Before I had my own children, I remember being invited many years ago to a traditional Passover Seder at the home of our rabbi and his family. I expected to hear deep insights into the Haggadah, the ancient text that relates the story of the exodus of the Jewish People from Egypt to become a nation in their own homeland. To my surprise, the rabbi directed all of the discussion to the young children who sat at the table. He told them stories, listened to their ideas, and encouraged them to ask questions. And there was a lot of joyful singing, adults and children together. The fulfillment of the commandment “thou shall teach thy children…” unfolded before my eyes, and brought back my own wonderful childhood memories of the Passover Seder, when the story of Passover became part of who I am.
What causes a child to accept the teachings and values of his parents so they become his way of life? Children learn best from those with whom they have a close, safe and loving relationship. Children must always feel the warm invitation to exist in the presence of their parents and other adults in their lives who care for them. This kind of relationship, called an attachment relationship, must be nurtured and protected so that it can deepen over the years. This is the context within which parents can instruct, direct and correct their children, and children can remain open to their parents’ influence.
Dr. Gordon Neufeld explains that when children are not in right relationship with their parents, their levels of stress chemicals such as cortisol and glutamate increase. Parents who put pressure on children to perform, or who are themselves under chronic stress, trigger these stress chemicals in their children’s brains, and create a state of alarm in their children, which interferes with the ability to learn. When a child is being cared for by a calm and loving adult, his brain releases opioids, oxytocin and prolactin, which diminish feelings of anxiety, fear and stress.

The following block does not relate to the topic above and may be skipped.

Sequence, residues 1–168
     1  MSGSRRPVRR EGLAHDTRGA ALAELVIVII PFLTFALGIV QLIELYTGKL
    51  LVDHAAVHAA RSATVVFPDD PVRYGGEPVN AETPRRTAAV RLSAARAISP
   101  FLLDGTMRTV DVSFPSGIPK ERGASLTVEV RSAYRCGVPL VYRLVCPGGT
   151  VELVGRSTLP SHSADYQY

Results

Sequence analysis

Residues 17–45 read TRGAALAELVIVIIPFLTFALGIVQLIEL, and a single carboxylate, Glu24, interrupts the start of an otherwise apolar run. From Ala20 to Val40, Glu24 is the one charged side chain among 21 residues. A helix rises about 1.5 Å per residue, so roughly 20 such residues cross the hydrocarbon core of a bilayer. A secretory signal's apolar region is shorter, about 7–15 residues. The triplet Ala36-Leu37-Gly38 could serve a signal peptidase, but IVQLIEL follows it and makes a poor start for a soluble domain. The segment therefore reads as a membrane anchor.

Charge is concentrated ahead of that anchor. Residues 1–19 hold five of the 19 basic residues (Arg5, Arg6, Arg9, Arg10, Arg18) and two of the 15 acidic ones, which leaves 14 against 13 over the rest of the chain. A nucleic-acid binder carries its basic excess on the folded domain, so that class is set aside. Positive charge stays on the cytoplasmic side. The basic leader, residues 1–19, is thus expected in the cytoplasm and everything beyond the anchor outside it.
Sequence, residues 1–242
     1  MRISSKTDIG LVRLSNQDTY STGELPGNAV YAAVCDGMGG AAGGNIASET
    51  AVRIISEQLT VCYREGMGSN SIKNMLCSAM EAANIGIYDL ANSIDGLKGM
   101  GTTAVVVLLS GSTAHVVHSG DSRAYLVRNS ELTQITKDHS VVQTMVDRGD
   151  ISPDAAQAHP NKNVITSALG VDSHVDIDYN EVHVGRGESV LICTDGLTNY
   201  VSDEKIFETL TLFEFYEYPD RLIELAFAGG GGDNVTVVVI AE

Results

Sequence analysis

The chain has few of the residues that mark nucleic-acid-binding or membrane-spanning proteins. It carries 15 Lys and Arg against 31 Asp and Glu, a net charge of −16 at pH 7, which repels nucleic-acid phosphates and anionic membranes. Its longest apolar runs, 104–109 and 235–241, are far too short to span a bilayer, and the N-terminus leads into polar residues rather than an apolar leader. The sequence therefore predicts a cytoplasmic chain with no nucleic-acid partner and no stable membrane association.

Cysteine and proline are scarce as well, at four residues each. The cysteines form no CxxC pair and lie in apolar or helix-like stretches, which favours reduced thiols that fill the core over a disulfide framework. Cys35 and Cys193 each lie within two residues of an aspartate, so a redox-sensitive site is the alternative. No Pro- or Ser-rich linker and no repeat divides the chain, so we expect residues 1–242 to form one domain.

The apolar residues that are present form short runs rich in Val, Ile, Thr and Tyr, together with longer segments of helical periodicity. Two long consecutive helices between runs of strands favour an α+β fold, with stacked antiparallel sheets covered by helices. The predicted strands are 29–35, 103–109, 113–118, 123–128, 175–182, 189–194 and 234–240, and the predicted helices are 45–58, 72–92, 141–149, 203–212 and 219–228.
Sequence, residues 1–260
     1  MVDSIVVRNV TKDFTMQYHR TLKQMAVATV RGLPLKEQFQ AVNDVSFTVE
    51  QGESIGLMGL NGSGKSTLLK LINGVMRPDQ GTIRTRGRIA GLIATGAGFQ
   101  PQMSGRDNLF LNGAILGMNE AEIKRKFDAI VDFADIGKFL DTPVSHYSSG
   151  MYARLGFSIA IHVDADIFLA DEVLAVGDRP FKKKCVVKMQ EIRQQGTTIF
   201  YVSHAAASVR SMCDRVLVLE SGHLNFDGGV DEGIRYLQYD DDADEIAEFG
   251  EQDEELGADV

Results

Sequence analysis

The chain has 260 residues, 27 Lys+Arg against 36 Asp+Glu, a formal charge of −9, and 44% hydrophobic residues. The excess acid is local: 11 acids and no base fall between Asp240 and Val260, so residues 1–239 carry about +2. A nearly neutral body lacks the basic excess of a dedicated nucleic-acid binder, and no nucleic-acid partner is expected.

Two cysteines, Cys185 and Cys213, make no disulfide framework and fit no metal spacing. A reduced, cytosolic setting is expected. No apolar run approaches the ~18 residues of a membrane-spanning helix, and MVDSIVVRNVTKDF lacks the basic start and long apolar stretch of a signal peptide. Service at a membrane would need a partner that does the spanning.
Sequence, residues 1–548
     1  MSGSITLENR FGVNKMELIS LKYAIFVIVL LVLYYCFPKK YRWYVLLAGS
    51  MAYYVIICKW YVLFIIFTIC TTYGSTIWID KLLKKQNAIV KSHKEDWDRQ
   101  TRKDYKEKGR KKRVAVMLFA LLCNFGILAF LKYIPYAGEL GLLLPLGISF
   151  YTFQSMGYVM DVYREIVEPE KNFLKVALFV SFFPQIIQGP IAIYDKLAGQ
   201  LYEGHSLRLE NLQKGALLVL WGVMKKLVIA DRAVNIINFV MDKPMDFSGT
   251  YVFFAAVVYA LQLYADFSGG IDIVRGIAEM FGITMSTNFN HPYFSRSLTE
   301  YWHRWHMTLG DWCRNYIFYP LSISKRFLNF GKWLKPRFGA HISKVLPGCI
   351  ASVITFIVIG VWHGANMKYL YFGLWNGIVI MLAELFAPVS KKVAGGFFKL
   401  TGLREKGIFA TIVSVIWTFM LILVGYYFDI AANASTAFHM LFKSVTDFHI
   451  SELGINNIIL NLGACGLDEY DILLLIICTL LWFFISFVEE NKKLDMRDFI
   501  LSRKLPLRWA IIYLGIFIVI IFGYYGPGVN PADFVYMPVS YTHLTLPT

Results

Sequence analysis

When the relationship feels safe to a child, he can remain in the vulnerable position of being dependent on those who are responsible for him, and his natural curiosity, inclination to ask questions and eagerness to learn will remain vibrant.
The Passover Seder creates an atmosphere that is warm and inviting. Parents, children, grandparents, aunts, uncles and cousins come together to remember and tell the Passover story in great detail. The story is recounted as if all present had actually participated in the ancient events. The head of the household, who conducts the Seder, prepares questions, games and even dresses in Biblical costume to stimulate the children’s sense of play and curiosity. The table is set festively with special dishes and glassware; the matzoth, unleavened bread baked especially for the holiday, and the traditional platter called the Seder plate, occupy a central place on the table. The Seder plate is laden with symbolic foods that include fresh leaves of romaine lettuce, celery, parsley, eggs, roasted shank bones and haroset – a mixture of fresh chopped apples, dates, walnuts, sweet wine and spices. Each food tells its own story, and the children experience the ancient customs that have been passed down from generation to generation with all their senses.
In the weeks before the holiday, parents include the children in all the preparations, so that by the time the Seder takes place, the children are bubbling over with excitement. They anticipate sitting at the table until past midnight with all the adults, reading the Haggadah, talking, singing, and eating. When the hour gets late, the head of the household must find the afikoman – the last matza that is eaten before completing the Seder – which the children, whispering and giggling, have hidden.
The customs and traditions of Passover, passed from generation to generation, have kept children oriented to their parents, grandparents, and ancestors for centuries. It’s no wonder that it has become one of my favorite holidays!